A ubiquitous substance that can cause liver cancer can be found in water, food wraps, shampoo, and non-stick pans. It is the toxin known as “forever chemicals”—per- and poly-fluoroalkyl substances (PFAS).
Not long ago, the U.S. Environmental Protection Agency (EPA) reduced the recommended standard limits for perfluorooctanoic acid (PFOA) and perfluorooctane sulfonic acid (PFOS)—members of PFAS—in drinking water by more than a thousandfold. Its 2016 health advisories for PFOA and PFOS were both 70 parts per trillion (or 70 ppt), and the recently updated health advisories for PFOA and PFOS are 0.004 ppt and 0.02 ppt, respectively.
The PFAS are a group of man-made organofluorine chemical compounds that contain multiple fluorine atoms attached to an alkyl chain to form stable strong carbon-fluorine bonds. This structure has high thermal and chemical stability, making these substances incredibly hard to break down both in body and in the environment.
PFAS substances break down very slowly and accumulate continuously in the environment, humans, and animals. PFAS are among the most environmentally persistent substances among organic chemicals, and they are thus called “forever chemicals.”
PFAS were invented in the late 1930s and have been in widespread use since the 1940s due to their unique properties of hydrophobicity and oleophobicity. PFAS can enter the human body through food and drinks, breathing, and skin contact. They are found throughout the body, accumulating mainly in the kidneys, liver, and blood. As some of them are readily absorbed by the body and cannot always be filtered by the kidneys, they eventually accumulate in organs such as the liver.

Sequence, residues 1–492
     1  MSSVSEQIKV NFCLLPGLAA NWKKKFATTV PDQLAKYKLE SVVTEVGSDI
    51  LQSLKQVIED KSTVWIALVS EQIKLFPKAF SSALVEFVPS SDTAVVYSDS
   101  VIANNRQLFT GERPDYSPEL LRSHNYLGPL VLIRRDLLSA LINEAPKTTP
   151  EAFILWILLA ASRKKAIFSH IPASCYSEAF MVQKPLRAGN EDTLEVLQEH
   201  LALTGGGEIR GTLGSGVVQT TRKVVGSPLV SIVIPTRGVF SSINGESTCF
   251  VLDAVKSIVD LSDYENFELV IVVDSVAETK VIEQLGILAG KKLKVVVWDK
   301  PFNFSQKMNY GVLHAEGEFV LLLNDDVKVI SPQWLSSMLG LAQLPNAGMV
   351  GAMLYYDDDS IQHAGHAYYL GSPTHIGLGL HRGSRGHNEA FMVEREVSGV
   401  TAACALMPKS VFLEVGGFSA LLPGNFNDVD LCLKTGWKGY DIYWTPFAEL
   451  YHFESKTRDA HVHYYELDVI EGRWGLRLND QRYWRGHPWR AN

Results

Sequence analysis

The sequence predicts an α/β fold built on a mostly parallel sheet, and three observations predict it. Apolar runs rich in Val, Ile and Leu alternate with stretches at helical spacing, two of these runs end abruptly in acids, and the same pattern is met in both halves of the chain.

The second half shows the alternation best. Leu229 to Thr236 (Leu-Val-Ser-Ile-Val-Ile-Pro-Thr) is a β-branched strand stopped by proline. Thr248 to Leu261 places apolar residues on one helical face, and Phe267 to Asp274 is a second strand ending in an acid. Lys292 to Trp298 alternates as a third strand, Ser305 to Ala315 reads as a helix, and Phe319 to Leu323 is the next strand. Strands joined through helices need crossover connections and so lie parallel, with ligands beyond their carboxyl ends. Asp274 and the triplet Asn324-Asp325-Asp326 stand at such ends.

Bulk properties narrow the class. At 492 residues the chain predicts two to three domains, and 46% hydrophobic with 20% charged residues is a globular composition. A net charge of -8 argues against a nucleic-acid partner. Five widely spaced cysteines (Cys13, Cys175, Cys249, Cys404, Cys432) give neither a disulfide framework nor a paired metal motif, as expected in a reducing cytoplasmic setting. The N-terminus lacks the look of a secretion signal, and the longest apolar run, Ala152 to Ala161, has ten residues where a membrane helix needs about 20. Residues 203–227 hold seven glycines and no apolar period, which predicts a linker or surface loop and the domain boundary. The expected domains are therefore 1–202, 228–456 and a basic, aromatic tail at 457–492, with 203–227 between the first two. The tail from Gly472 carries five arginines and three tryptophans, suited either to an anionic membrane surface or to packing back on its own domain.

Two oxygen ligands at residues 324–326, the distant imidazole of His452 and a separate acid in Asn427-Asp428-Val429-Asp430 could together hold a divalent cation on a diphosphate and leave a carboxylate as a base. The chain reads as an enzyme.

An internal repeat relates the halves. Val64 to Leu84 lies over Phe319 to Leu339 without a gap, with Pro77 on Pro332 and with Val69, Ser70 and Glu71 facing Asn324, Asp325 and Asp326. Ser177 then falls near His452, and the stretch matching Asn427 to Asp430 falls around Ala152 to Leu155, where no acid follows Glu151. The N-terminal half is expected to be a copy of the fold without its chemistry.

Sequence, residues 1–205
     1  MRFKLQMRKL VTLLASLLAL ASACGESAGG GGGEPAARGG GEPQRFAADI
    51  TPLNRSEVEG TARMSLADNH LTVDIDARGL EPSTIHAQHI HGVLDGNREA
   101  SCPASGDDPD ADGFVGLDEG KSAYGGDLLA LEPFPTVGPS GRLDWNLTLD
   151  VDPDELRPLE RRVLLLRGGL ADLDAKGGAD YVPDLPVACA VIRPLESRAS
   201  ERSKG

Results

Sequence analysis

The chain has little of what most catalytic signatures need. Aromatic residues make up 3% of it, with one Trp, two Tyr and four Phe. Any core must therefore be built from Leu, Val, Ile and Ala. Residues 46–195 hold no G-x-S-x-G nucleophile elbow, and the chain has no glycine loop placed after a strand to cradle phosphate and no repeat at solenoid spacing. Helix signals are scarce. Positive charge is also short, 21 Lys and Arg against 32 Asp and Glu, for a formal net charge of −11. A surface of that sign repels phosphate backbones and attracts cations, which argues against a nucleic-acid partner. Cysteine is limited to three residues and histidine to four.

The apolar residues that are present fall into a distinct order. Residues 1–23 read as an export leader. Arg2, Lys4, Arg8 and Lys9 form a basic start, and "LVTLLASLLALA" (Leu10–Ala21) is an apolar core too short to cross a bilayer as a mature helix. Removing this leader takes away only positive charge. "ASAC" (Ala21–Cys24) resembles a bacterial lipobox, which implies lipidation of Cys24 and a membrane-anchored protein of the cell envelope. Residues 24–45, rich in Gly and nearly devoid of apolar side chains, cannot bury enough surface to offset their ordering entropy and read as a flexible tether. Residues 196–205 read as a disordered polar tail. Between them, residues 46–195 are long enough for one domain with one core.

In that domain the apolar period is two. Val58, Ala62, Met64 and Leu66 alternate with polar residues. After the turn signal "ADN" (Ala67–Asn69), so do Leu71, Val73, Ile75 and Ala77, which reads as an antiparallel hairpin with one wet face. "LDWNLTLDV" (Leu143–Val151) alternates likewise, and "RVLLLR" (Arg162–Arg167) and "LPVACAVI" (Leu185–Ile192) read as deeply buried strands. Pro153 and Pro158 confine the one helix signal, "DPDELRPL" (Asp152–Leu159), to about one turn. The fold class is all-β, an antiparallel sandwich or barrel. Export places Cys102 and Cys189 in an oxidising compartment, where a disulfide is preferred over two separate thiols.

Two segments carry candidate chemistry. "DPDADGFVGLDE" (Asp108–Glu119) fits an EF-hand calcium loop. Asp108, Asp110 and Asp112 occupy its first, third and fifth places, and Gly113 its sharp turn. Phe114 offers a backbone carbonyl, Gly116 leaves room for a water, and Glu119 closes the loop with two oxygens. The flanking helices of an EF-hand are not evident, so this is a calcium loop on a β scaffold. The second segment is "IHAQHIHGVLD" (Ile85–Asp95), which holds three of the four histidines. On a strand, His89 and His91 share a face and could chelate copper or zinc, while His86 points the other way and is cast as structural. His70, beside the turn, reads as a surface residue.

People are worried about the impact of PFAS on the human body, and researchers have also conducted many animal experiments. However, it is not easy to study the toxicity and effects of such substances on the human body due to its long term nature.
Nevertheless, a breakthrough has been made in the studies: American scientists published an epoch-making study in the Journal of Hepatology in August 2022, which is the first practical proof that PFAS substances can cause hepatocellular carcinoma (HCC) in humans.
Scientists have identified 50 people with HCC from among 200,000 U.S. residents. They obtained the blood samples of these people before they were diagnosed with liver cancer. The results showed that several PFAS substances were prevalent in their blood. Ultimately, the researchers focused on PFOS.
They found that the top 10 percent of people with the highest levels of PFOS in their blood were associated with a 4.5 fold increased risk of HCC over those with low levels of PFOS in their blood.
The researchers further found that PFOS affected the normal function of the liver by altering the metabolism of four substances in the liver, including glucose, a bile acid, an amino acid, and a keto acid.
In addition, PFAS substances may cause cardiovascular diseases, thyroid problems, immune system problems, liver damage, and kidney and prostate cancers.
Common Sources of PFAS
The EPA has currently identified more than 8,000 types of PFAS compounds. Aside from the non-stick cookware coating that everyone knows, PFAS are everywhere around us:
- Drinking water
- Fish and livestock exposed to PFAS
- Food packaging (grease-resistant paper, food containers/wrappers)
- Personal care products (certain shampoos, dental floss, and cosmetics)
- Household products (waterproof and stain-resistant carpets, waterproof clothing, non-stick cookware, cleaning products, paints, varnishes, and sealants)